Cells, transfection and transduction
HEK293T, HeLa, wild-type and scid mouse fibroblasts were maintained in DMEM with stable glutamine and 4.5 g/l glucose supplemented with 10% FBS and 1% penicillin/streptomycin at 37 °C and 5% CO2. Tert-immortalised scid fibroblasts, obtained by transduction with a retroviral vector encoding mouse Tert and puromycin-acetyltransferase (pac) were maintained likewise but in the presence of 3 μg/ml puromycin and used in all fibroblast experiments. Wild-type and scid HSPC were obtained from bone marrow, by flushing the femur and tibia of 6 to 8-week-old Balb/cOlaHsd or Balb/cJHan(tm)Hsd-Prkdc scid mice. Lin− HSPC were isolated using a MACS Lineage cell depletion kit (Miltenyi Biotec, Germany) as directed by the manufacturer. HSPC were cultured without splitting, in 24-well non-tissue culture-treated plates at 37 °C and 5% CO2, using serum-free StemSpan medium (Stemcell Technologies) containing 100 ng/ml murine stem cell factor (SCF), 100 ng/ml murine Fms-related tyrosine kinase 3 (Flt-3), 20 ng/ml human interleukin-6 (IL-6) and 1% penicillin/streptomycin. Fibroblast transfections for genome editing experiments were done using 106 cells/plate (n = 3), calcium phosphate co-precipitation and 10 μg (template plasmid in transfection/transduction experiments) or 30 μg of DNA (10 μg of each if co-transfecting ZFN monomer and template plasmids, using an irrelevant plasmid to normalise total amount of DNA in controls). Cells were transduced with IPLV or IDLV in the presence (HeLa, fibroblasts) or absence (HSPC) of 8 μg/ml polybrene, and then processed for analysis or injection as indicated. Fibroblast genome editing experiments involving ZFN vector transduction and template plasmid transfection were done with an optimum 48 h delay before the latter was carried out. 800 μg/ml G418 added 48 h post-transfection was used for selection, and colonies were either stained with crystal violet for counting 9 d post-transfection or picked and expanded for PCR analysis of Prkdc gene editing.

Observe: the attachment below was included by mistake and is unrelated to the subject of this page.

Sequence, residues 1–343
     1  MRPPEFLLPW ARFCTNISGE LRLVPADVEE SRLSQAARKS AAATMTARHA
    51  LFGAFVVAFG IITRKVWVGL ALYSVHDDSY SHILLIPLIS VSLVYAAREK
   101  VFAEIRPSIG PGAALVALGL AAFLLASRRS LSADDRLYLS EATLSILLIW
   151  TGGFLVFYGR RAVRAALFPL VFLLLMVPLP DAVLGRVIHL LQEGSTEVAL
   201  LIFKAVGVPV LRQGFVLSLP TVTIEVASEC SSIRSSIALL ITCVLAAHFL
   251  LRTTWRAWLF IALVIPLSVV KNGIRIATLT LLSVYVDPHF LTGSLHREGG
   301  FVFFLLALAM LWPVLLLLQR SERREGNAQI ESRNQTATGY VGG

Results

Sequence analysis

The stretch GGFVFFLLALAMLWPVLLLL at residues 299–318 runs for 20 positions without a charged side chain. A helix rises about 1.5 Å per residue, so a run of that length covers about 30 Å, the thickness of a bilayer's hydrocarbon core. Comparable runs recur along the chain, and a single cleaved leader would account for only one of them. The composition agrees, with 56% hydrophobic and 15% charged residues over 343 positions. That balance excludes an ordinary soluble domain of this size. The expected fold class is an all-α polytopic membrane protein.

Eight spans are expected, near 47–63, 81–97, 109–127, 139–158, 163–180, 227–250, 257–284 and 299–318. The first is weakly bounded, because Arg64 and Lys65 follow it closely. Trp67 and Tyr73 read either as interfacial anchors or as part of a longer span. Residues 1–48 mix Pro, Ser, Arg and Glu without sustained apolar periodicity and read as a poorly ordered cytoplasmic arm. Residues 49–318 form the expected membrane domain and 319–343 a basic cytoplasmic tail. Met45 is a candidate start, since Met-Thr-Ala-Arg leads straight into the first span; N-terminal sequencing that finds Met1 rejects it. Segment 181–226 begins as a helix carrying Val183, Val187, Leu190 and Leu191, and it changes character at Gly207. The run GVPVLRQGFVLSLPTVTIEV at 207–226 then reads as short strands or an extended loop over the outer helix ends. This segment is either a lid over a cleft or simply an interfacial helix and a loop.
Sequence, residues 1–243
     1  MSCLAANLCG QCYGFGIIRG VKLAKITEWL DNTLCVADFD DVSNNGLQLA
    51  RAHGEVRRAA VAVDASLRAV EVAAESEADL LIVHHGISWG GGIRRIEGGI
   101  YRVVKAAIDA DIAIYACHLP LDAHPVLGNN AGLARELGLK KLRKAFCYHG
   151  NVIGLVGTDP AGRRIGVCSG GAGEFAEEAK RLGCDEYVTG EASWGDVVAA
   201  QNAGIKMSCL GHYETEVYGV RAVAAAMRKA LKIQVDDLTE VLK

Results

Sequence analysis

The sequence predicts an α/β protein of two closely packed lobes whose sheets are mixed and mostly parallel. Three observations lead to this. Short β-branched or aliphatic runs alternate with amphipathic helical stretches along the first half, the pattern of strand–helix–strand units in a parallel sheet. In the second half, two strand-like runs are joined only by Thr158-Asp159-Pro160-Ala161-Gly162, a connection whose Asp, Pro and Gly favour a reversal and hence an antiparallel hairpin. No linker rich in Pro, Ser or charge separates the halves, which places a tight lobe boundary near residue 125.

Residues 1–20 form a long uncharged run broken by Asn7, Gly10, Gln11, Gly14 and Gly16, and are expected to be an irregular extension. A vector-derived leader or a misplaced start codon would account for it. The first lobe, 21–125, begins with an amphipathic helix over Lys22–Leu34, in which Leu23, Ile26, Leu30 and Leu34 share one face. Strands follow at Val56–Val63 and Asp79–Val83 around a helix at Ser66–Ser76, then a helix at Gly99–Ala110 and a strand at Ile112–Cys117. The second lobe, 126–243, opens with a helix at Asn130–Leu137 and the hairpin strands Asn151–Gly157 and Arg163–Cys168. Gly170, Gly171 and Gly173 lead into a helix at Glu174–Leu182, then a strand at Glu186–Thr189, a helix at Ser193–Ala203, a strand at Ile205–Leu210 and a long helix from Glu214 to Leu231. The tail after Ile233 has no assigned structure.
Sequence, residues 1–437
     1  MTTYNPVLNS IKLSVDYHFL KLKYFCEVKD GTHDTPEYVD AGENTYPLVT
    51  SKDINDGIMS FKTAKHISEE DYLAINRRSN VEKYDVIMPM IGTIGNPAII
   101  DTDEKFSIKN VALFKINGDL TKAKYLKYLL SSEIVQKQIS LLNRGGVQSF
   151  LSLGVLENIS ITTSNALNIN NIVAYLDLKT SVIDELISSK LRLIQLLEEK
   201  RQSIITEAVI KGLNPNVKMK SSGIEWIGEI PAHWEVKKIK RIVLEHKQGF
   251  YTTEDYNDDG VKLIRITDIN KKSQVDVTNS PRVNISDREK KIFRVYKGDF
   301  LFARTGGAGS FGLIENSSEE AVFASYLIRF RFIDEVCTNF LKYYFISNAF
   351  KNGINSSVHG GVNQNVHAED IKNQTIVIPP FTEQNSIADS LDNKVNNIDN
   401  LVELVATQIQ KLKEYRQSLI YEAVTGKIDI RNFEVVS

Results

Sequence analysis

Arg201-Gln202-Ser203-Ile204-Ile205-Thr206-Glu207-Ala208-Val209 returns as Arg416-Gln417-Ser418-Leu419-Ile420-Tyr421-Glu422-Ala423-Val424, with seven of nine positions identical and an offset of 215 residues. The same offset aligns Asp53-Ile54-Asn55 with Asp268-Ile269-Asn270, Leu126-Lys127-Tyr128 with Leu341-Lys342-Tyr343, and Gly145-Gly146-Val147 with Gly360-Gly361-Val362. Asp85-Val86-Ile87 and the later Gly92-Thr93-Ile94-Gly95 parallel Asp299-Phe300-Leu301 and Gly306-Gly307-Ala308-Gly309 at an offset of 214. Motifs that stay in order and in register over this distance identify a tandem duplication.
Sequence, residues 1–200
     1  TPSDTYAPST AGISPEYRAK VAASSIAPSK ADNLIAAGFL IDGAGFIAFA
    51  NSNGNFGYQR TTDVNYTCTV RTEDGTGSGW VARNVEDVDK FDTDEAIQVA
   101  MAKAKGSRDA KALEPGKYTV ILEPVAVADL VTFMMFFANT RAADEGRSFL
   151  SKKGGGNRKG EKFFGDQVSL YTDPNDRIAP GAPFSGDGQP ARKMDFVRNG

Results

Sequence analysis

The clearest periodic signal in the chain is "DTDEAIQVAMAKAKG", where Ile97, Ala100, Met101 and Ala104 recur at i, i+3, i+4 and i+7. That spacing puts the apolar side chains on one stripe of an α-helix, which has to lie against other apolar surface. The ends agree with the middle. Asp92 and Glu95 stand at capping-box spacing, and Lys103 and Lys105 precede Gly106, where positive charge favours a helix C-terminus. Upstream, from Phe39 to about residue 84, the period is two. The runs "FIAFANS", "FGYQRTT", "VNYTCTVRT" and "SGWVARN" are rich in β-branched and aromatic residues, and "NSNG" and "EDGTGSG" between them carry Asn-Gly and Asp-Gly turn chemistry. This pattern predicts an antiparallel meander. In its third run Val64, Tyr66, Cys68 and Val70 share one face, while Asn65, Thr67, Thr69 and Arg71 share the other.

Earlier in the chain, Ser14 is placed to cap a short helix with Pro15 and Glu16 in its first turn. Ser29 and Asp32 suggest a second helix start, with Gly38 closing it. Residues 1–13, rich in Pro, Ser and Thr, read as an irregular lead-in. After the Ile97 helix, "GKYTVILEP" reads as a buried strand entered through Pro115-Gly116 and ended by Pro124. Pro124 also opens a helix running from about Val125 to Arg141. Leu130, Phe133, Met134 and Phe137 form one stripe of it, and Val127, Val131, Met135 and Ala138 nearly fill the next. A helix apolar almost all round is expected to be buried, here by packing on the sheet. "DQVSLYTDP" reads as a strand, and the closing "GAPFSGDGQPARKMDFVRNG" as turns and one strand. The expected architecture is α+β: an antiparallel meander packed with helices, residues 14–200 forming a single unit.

Lentiviral vector production
Third-generation lentiviral vectors were prepared as described40,41. Briefly, HEK293T cells were co-transfected with four plasmids by calcium phosphate precipitation, at a molar ratio of 1:1:1:2 (packaging:rev:envelope:transfer). For IPLVs the packaging plasmid was pMDLg/pRRE and for IDLVs it was pMDLg/pRRE-intD64V41. Rev was delivered on pRSV-rev and the vectors were pseudotyped with VSV-G protein using plasmid pMD2.VSV-G. The transfer plasmids encoded either the short Prkdc template alone, one of two ZFN monomers or the template and one of the monomers. Vector particles were concentrated by ultracentrifugation and titrated by real time-PCR using HeLa cell transductions41.